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Hypersensitivity to pyrazolones
  1. Micha Levy
  1. Department of Medicine, Hadassah University Hospital, P O Box 12000, Jerusalem, Israel
  1. Dr M Levymlevy{at}

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To the allergologist, hypersensitivity to drugs means immunological drug reactions as classified in the Gell and Coombs system. To others, it may also include non-dose related adverse drug reactions including the non-immune mediated idiosyncratic drug reactions (type B). In the following discussion the broad definition of idiosyncrasy including all type B reactions and a clinical approach rather than a mechanistic one will be used.

Pyrazolones are veteran drugs. Antipyrine was synthesised for clinical use in 1883. The methylated nitrogen derivative aminopyrine was introduced in 1897 and taken off the market in the 1970s because of its propensity to form nitrosamines. Dipyrone has been in clinical use since 1922. In some countries it was banned because of the risk of agranulocytosis. In others it is the leading analgesic/antipyretic drug. Annual sales figures of pyrazolones amount to kilotons, mainly dipyrone and propyphenazone.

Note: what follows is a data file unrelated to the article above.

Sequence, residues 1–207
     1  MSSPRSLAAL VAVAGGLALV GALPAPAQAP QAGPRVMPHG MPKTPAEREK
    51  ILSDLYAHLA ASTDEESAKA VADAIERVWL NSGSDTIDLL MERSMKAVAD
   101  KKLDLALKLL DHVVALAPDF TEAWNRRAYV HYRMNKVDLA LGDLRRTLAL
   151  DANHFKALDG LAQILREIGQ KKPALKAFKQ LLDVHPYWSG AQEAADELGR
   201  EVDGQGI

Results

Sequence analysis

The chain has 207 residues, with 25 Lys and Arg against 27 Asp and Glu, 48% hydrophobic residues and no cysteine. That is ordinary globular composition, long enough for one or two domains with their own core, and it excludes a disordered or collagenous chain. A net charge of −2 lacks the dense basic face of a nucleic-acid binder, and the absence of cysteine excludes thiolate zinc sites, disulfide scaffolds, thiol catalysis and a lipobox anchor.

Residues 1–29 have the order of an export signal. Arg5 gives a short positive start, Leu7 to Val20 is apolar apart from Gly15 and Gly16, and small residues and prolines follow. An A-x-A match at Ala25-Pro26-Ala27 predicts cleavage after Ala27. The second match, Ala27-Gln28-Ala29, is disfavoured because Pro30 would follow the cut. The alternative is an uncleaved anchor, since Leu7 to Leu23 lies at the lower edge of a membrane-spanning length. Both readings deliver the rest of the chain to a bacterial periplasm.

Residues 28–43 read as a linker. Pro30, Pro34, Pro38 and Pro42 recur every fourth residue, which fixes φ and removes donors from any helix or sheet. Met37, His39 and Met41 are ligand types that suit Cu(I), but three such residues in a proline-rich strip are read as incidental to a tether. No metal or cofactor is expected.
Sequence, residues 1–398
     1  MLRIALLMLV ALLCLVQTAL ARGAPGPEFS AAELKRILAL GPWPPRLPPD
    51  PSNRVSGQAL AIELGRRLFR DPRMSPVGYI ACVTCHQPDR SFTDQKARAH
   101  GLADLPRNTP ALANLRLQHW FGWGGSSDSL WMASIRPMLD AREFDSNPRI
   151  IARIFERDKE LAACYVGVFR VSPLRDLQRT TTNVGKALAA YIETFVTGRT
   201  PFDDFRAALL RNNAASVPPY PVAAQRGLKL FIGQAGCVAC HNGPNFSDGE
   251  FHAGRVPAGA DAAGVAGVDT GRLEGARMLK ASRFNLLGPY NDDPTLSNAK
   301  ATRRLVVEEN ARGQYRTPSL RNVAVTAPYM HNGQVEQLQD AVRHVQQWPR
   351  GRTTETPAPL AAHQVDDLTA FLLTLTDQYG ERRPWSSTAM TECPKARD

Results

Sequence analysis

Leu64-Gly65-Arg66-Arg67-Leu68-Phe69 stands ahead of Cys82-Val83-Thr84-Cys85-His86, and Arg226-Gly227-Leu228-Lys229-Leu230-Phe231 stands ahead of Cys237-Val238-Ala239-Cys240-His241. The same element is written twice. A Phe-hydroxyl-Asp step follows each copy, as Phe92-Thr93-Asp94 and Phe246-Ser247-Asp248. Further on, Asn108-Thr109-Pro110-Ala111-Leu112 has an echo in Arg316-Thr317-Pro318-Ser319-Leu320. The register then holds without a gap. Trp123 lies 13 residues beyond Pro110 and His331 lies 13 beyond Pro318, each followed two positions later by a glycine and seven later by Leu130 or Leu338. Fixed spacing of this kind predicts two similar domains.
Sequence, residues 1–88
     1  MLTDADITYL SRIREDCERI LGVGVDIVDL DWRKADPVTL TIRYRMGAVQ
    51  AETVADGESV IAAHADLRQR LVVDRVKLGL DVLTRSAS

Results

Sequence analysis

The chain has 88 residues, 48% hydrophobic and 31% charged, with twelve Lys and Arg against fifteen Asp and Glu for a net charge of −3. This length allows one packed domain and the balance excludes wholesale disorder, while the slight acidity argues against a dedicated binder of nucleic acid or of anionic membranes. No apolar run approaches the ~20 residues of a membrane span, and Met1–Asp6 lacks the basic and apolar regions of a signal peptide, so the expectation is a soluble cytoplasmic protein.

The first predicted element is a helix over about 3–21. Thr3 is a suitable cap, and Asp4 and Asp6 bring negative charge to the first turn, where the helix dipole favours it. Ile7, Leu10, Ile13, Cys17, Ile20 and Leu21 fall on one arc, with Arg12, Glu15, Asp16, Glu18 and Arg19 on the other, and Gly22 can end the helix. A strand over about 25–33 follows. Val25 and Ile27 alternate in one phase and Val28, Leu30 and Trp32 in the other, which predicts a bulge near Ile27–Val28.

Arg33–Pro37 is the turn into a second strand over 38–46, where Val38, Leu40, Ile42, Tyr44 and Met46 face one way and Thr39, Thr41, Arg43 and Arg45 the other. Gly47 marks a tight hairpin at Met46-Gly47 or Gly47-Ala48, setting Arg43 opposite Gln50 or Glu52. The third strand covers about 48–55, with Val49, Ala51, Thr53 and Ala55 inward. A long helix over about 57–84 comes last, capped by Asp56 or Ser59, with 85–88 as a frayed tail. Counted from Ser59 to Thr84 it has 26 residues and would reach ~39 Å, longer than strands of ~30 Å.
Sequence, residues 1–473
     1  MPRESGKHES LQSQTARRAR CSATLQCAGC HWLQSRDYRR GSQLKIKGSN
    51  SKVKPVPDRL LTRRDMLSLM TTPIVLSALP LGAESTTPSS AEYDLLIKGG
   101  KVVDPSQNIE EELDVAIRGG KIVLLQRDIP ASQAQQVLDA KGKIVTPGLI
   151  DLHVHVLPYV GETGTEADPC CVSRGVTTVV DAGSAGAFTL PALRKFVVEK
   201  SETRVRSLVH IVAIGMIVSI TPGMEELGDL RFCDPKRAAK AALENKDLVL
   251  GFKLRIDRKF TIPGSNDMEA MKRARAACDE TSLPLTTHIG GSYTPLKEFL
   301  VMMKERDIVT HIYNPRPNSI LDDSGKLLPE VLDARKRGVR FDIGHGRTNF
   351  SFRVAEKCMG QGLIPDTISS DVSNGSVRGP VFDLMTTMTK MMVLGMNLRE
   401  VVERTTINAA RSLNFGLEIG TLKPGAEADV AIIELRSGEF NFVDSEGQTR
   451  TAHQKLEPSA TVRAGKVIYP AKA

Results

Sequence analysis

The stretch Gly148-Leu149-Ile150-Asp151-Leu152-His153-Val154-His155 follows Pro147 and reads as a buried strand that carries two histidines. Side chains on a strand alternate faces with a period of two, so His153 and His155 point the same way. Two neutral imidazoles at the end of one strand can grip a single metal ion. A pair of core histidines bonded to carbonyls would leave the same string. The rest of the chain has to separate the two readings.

Unlike the acidic non-steroidal anti-inflammatory drugs (NSAIDs) which are known to act on inflamed tissue by the inhibition of prostaglandin synthesis, pyrazolones produce analgesic/antipyretic effects associated with a much less potent anti-inflammatory effect on peripheral tissues. As shown in several animal species and also in humans, dipyrone acts on the central nervous system by the inhibition of prostanoids.1 2 Dipyrone has more than 20 known metabolites.3 A central hypothesis of immune mediated (hypersensitivity) drug reactions has been that drugs are metabolised to a reactive metabolite which can act as an hapten.4There are limited reports concerning the immunogenic potential of pyrazolone and pyrazolidine metabolites.5 6 Genetic heterogeneity could also predispose patients to adverse drug reactions by the formation or inability to detoxify a reactive metabolite.

In 1977 Szczeklik et al 7 put forward the hypothesis that, in sensitive patients, induction of asthmatic attacks by aspirin-like drugs is due to inhibition of tissue prostaglandin biosynthesis. In about …

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